Doctors in Michigan have launched a study to determine if volatile organic compounds (VOCs) in exhaled breath can detect early mesothelioma. They are also looking for a correlation between participants’ VOCs and biomarkers in the blood.
VOCs can give doctors vital information about cellular metabolism. Previous studies of VOCs show that they can sometimes indicate the presence of mesothelioma.
But no one knows yet if VOCs can really detect early mesothelioma. None of the previous studies have been big enough for the technique to be universally recommended.
How VOCs Can Detect Early Mesothelioma
Cancer causes biochemical changes in the body. These biochemical changes produce VOCs that a person exhales. Different types of cancer produce different combinations of VOCs. Breath testing measures these VOCs to see what type of cancer produced them.
One of the big advantages of breath testing to detect early mesothelioma is that it is painless and non-invasive. This makes it easy, fast, and relatively inexpensive.
Mesothelioma is rare but highly aggressive. By the time symptoms of mesothelioma appear, it may already be too late for effective treatment. Even after symptoms appear, mesothelioma is not easy to diagnose. Mesothelioma diagnosis usually requires imaging studies and biopsies.
If breath and blood testing can detect early mesothelioma, doctors could start treatment earlier when it may be more helpful.
New Study Larger Than Other VOC Studies
Ascension Southeast Michigan developed the new VOC study. It will include 300 people. This makes it one of the largest tests of VOCs to detect early mesothelioma.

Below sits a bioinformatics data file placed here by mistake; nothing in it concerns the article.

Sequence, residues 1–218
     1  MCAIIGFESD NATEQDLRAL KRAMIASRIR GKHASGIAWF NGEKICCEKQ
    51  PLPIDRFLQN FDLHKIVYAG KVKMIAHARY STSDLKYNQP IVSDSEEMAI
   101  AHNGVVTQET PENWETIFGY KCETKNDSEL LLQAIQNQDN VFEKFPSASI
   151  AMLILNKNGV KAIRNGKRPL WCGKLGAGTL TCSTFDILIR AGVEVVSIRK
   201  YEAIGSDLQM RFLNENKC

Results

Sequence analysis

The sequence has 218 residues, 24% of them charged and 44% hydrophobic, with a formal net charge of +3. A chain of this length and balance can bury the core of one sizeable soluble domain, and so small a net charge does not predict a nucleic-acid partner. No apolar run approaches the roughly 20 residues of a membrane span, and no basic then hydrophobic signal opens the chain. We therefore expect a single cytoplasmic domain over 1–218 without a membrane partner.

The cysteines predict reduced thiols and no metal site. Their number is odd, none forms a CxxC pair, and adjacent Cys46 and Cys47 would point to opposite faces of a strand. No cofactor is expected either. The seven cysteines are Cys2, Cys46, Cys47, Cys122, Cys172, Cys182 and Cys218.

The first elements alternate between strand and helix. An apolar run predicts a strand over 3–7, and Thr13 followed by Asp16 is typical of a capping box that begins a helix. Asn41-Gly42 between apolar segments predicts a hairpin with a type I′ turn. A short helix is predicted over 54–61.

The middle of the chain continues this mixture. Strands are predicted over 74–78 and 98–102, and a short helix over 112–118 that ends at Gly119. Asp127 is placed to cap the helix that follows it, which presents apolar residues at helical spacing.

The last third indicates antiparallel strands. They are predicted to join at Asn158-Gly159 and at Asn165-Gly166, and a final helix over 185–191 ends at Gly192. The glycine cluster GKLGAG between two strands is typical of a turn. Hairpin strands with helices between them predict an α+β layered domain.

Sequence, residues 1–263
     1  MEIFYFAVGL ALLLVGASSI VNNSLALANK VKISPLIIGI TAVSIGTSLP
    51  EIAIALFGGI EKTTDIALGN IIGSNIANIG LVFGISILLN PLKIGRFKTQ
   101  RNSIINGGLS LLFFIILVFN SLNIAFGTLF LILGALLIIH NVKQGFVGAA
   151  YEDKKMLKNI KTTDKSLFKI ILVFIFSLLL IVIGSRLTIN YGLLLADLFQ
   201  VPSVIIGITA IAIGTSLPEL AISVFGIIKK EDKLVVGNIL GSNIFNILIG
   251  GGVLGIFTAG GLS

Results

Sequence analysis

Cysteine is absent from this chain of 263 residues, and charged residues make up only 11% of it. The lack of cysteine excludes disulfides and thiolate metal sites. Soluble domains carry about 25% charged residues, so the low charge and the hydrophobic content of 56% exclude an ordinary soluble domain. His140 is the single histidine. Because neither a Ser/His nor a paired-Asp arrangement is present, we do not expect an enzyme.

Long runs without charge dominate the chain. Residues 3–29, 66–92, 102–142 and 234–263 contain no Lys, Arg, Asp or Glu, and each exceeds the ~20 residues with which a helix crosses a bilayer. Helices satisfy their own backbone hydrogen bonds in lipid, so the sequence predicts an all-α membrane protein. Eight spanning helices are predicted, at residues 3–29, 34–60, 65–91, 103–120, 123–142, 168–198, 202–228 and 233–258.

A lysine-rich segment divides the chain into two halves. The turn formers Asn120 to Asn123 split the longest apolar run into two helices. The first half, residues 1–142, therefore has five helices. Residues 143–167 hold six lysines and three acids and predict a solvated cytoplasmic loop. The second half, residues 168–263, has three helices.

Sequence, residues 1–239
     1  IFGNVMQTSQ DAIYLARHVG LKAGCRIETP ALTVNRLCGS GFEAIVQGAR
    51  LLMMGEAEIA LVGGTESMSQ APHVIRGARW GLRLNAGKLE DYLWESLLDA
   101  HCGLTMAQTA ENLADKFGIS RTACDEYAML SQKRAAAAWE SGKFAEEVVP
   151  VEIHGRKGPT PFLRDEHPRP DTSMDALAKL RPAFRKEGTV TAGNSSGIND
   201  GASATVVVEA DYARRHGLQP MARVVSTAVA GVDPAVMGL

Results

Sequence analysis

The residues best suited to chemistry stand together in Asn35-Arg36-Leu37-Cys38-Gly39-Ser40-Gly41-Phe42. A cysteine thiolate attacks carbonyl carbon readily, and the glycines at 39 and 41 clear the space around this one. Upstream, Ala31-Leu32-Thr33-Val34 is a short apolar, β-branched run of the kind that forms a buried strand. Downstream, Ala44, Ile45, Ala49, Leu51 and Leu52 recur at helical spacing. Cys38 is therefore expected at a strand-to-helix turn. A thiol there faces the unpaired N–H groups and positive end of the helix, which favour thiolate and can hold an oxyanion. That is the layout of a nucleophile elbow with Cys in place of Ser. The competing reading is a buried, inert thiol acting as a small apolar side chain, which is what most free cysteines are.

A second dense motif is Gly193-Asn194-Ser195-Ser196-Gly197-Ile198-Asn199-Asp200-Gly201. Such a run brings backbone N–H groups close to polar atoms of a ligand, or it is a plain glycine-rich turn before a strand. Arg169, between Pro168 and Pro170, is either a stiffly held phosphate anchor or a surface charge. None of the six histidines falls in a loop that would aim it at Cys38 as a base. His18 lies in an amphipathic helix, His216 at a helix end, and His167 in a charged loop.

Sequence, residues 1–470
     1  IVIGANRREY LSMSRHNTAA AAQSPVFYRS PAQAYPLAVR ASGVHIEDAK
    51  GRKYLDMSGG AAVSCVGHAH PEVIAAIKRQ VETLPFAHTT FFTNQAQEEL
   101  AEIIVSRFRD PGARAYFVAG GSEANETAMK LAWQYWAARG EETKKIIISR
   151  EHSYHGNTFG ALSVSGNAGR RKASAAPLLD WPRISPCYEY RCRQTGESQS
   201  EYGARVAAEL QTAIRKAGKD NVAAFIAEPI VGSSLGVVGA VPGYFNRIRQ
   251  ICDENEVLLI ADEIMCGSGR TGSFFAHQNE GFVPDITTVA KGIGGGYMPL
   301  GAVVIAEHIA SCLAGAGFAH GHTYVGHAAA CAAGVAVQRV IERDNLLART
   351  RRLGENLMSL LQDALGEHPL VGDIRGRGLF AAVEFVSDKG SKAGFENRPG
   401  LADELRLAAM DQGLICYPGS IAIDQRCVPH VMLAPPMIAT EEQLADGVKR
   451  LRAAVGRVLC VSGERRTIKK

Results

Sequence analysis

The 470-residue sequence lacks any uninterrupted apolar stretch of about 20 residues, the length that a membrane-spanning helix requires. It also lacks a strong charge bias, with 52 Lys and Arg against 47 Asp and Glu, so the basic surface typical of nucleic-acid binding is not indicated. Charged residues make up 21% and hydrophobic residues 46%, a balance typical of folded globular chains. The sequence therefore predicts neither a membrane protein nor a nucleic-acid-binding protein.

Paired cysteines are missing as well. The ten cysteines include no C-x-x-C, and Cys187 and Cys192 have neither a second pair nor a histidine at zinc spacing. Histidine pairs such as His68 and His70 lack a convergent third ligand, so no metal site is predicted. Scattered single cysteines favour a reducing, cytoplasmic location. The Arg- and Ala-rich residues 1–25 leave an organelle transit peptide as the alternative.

Participants either have mesothelioma or pleural plaques from asbestos exposure. Most of the asbestos-exposed people will be members of the International Association of Heat and Frost Insulators or the Allied Workers Union. The unions are helping to pay for the study.
Study subjects will exhale into a machine. They will also have a blood test. Researchers will compare biomarkers from people with mesothelioma to people with pleural plaques. The goal is to see how accurate the test is to detect early mesothelioma or rule it out.
“A comparison of the participant’s VOC profile will be made with an FDA-approved, serum-based assay of the participant’s soluble mesothelin related peptides (SMRP) to discern parameters of efficacy,” says the trial description.
If there are clear differences, it means the tests could be valuable to detect early mesothelioma. The team will develop a mesothelioma breath and blood biomarker “signature” based on the results. They will evaluate the accuracy of the “signature” test in the second part of the study.
The first part of the study will end in March 2021. Evaluation of the test will finish in March 2022.
“Mesothelioma Early Detection by VOCs (MED-VOC)”, research study, June 5, 2019 – March 2022, https://clinicaltrials.gov/ct2/show/NCT04106973?term=%22malignant+mesothelioma%22#contacts